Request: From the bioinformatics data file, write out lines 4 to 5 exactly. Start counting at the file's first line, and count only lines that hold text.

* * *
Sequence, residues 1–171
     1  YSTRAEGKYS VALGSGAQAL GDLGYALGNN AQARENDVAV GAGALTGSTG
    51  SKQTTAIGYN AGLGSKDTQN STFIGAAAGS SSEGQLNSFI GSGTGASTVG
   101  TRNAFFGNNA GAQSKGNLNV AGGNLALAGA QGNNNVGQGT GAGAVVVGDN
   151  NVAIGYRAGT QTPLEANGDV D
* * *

   101  TRNAFFGNNA GAQSKGNLNV AGGNLALAGA QGNNNVGQGT GAGAVVVGDN
   151  NVAIGYRAGT QTPLEANGDV D